The rheological properties of polymers used in electronic packaging applications spans a wide range of fluid types and viscosity ranges. In the uncured state, many adhesives, coatings, mold compounds, and underfills have interesting rheological behavior. Many of these types of materials are highly filled to achieve the desired mechanical properties such as low coefficient of thermal expansion, high electrical or thermal conductivity, or tailored modulus. In addition, these materials typically cure to form crosslinked networks with a wide range of physical properties.
The processing of highly filled formulations can be a challenge. Rheological methods provide a means to characterize the dispensing properties (viscosity, shear thinning, yield points, etc.) as well as probe the viscosity and modulus changes during curing. During curing, the viscosity changes by several orders of magnitude and the material being tested may adhere the parallel plates together (remember we might be characterizing a very good adhesive!), disposable parallel plate geometries are typically used. The parallel plate geometry is better when the temperature is ramped during non-isothermal curing profiles. Additionally, parallel plates can be used for both uncured materials and to measure the viscosity well into the crosslinked region.
There are two types of rotational rheometers typically used to characterize polymers used in electronic applications:
- Controlled stress
- Controlled strain
The viscosity, η, is the ratio of the stress, σ, to the deformation rate (shear-rate, dγ/dt)
To obtain the viscosity, one either measures the stress at a known shear-rate (controlled strain) or measures the shear-rate at a known stress (controlled stress).
The following figure shows the type of rheological measurement methods used at the various types of processes used in electronic applications.
There are many options to measure the viscoelastic response of uncured and highly filled thermoset formulations. The most common method is to use controlled strain measurements in either oscillatory rheometry or steady shear. In this case, the viscosity is measured as a function of either the shear rate (steady shearing deformation) or the oscillatory frequency. Controlled stress rheometry is a useful method to measure the yield point and shear thinning in highly filled formulations. Controlled stress measurements need to be conducted with care to avoid artifacts. We will discuss controlled stress experiments in detail in subsequent posts.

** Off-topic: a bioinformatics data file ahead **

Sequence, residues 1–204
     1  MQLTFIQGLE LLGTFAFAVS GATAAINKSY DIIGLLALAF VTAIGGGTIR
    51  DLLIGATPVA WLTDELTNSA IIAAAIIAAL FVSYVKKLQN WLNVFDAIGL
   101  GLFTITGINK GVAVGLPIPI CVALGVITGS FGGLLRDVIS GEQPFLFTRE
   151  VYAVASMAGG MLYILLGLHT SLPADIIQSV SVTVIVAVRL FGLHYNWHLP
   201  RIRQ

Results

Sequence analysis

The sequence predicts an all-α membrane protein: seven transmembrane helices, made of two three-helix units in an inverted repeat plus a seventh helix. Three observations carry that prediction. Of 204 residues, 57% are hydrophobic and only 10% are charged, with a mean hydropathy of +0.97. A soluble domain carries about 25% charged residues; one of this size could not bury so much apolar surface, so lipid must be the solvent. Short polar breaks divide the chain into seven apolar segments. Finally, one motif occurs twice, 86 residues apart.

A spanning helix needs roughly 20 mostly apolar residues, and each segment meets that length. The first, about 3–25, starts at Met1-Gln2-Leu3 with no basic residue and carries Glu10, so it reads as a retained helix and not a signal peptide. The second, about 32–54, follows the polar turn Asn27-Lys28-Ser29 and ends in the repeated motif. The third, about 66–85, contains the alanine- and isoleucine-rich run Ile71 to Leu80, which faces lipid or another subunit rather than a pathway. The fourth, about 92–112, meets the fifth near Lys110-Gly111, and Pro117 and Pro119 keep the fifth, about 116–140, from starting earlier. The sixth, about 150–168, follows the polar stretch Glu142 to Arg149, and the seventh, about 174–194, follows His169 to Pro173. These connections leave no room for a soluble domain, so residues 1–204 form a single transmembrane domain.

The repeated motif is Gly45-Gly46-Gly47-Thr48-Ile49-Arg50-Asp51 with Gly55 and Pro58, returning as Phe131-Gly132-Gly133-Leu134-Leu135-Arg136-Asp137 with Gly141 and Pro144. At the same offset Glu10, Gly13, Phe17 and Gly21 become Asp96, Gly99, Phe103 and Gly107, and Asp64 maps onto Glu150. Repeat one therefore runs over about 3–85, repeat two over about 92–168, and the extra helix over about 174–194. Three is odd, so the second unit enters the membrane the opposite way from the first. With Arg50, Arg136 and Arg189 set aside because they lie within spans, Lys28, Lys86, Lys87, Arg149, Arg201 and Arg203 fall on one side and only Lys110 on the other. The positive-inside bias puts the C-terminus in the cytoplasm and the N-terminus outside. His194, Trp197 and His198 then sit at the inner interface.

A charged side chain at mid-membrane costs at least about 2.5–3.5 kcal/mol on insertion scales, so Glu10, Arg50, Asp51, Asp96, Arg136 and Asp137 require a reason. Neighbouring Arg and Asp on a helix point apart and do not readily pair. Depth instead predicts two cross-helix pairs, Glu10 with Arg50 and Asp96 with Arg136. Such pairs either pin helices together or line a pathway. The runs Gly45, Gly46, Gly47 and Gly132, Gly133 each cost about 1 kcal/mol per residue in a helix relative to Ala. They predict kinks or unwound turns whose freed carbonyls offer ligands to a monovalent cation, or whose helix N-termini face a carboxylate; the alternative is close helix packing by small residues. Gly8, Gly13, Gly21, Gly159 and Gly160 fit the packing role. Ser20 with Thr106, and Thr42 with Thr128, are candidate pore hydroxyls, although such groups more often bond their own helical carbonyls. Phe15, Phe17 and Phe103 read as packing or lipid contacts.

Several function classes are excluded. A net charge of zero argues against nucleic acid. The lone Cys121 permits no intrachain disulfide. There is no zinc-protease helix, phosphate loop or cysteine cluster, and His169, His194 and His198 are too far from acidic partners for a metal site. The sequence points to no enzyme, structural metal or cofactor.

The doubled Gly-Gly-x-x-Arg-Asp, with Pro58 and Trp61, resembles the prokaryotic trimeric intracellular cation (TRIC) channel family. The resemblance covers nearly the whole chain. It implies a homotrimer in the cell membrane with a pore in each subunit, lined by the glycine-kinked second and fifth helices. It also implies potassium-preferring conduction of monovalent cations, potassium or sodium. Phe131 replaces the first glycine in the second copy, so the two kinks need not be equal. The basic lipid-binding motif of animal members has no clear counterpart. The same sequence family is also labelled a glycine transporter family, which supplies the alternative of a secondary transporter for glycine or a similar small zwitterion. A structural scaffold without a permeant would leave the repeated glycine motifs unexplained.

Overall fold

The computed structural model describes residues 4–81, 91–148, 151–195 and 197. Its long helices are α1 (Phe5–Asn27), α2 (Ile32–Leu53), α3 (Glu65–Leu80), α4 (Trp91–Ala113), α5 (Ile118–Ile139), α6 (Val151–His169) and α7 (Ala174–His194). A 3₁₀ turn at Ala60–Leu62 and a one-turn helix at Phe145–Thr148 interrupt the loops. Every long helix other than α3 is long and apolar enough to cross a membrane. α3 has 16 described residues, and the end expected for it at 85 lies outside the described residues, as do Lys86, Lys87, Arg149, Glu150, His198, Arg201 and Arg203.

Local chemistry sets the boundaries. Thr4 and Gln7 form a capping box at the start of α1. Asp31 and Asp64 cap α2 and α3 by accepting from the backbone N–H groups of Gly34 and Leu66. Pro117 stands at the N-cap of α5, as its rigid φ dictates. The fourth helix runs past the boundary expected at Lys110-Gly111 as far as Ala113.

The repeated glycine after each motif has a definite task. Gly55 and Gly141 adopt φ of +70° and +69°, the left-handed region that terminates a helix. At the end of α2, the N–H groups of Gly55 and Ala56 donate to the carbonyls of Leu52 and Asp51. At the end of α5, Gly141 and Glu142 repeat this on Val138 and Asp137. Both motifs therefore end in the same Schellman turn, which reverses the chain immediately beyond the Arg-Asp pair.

For high precision steady shear viscosity measurements at isothermal temperatures, the cone and plate geometry is preferred (see below).
The small cone angle (typically less than 3°) results in a uniform shear rate across the cone and plate. Most commercial cone and plates have a truncated cone. The distance between the truncated cone and the plate is 50 µm for cone angles of 1° or 2°. Since expansion of the cone and plate during heating would make maintaining the correct gap difficult, cone and plate measurements are typically done at isothermal conditions.
For non-isothermal curing studies, disposable parallel plates are preferred. Measurement of the viscosity during B-staging or to follow the viscosity build during curing, it is customary to use small amplitude oscillatory rheometry. The strain amplitude is controlled to keep the material under test in the linear viscoelastic region. Subsequent posts will cover in detail the methods used to characterize uncured filled thermosets.